There is currently very little information available on the comparative costs and benefits of different adaptation options, and at what timeframe or quantum of climate change a particular adaptation option becomes cost-effective and acceptable. Given the long life of many coastal assets, and the need to avoid the high cost of early “over-engineering”, a flexible adaptation pathway can help identify cost-effective steps to build resilience in the context of longer term trends in climate.

The Australian Government is partnering with decision-makers in the coastal zone to explore and demonstrate decision or investment pathways that can build resilience to the increasing risks from future climate impacts. Projects have a focus on the decision pathways that enable the transformation of business operations to prepare for longer-term climate change projections.

 

Objectives

The objectives of Coastal Adaptation Decision Pathways projects are to:

  • demonstrate the utility of flexible pathways that incorporate future climate risk and adaptation actions into decision-making
  • establish the key partnerships that will position communities in the longer term to drive the reform required to manage climate change risks
  • provide leadership in new approaches to cost-effectively manage legacy asset risk, and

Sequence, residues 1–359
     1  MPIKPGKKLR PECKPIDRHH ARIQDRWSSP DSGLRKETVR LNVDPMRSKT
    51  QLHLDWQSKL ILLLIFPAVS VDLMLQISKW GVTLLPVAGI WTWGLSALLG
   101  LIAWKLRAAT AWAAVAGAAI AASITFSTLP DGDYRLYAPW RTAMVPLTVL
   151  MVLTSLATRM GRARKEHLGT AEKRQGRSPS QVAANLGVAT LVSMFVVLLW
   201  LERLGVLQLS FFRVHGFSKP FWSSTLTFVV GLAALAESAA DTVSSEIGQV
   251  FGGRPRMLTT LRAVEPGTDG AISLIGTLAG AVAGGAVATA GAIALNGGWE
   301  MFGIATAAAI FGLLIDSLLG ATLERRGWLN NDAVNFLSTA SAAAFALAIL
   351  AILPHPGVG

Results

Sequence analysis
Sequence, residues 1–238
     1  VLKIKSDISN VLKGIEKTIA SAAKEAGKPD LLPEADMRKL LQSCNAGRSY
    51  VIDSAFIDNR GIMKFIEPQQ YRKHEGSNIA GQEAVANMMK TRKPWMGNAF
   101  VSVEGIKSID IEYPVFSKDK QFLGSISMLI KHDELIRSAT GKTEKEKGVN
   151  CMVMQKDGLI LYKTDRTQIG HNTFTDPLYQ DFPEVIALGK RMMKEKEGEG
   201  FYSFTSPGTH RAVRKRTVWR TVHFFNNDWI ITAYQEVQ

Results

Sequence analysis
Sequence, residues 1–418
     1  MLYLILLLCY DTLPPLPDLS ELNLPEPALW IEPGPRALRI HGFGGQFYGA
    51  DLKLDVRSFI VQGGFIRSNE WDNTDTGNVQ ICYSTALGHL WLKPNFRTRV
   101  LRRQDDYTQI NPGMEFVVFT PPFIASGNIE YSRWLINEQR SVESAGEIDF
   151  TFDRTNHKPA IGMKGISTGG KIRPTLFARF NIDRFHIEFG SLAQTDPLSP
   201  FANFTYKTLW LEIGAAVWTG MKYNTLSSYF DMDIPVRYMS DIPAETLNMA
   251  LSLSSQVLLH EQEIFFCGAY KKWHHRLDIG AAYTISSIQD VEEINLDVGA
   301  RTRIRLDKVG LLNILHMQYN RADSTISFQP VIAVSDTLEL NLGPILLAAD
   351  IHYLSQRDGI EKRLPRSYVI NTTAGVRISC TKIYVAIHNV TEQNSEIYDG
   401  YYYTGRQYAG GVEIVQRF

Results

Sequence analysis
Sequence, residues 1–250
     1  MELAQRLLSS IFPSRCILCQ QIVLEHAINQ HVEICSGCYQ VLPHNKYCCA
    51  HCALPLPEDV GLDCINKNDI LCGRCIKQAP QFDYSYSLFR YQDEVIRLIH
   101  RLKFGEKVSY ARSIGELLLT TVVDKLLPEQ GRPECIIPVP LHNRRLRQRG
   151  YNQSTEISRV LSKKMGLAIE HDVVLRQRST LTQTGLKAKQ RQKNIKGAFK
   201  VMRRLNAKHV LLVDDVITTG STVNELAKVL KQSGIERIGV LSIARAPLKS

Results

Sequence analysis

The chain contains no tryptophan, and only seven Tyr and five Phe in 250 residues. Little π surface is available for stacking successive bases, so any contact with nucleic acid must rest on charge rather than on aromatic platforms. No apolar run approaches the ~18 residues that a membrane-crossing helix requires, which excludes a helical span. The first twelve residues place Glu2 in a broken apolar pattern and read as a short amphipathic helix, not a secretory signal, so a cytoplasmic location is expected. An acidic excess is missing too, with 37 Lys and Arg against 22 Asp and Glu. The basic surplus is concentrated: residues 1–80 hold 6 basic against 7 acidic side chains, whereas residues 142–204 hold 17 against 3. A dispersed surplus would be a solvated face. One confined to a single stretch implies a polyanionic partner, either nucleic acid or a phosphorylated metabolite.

• enhance the adaptive capacity of governments, communities and infrastructure and service providers through engagement in developing planning for future options.

 

Recipients

  • Rising to the challenge – developing flexible coastal adaptation pathways for local communities (TAS): Local Government Association of Tasmania
  • Choosing a preferred pathway for Port Phillip Bay (VIC): Municipal Association of Victoria
  • A Value and Equity Framework for climate adaptation – Caravan and Camping Parks case study (VIC): Western Coastal Board
  • Climate Change Adaptation Tool for the Water Industry (NSW/National): Water Services Association of Australia
  • Pilot Council and Insurance Partnership on Climate Adaptation Methods (QLD): Sunshine Coast Council
  • Assessment and Decision Frameworks for Existing Seawalls (NSW/QLD): Sydney Coastal Councils Group
  • Queensland Coastal Hazard Adaptation Strategy pilot study – Townsville (QLD): Local Government Association of Queensland; Townsville City Council and Queensland Department of Environment and Resource Management
  • Demonstrating Climate Change Adaptation of Interconnected Water Infrastructure Project (NSW): Sydney Water
  • Multi-Criteria Approaches to Adaptive Coastal Development (prioritising coastal adaptation options) (NSW): Sydney Coastal Councils Group and Local Government and Shires Associations of New South Wales
  • Decision Support for Adaptation Action (NSW): Hunter Councils / Hunter and Central Coast Regional Environmental Management Strategy
  • Climate change decision support framework and software for coastal Councils (SA): Local Government Association of South Australia
  • Developing Flexible Adaptation Pathways for the Peron Naturaliste Coastal Region of Western Australia (WA): Peron Naturaliste Partnership
  • Deciding for the coast – implementing effective adaptation actions (VIC): South East Councils Climate Change Alliance

 

2018-12-05T21:25:35+00:00April 17th, 2013|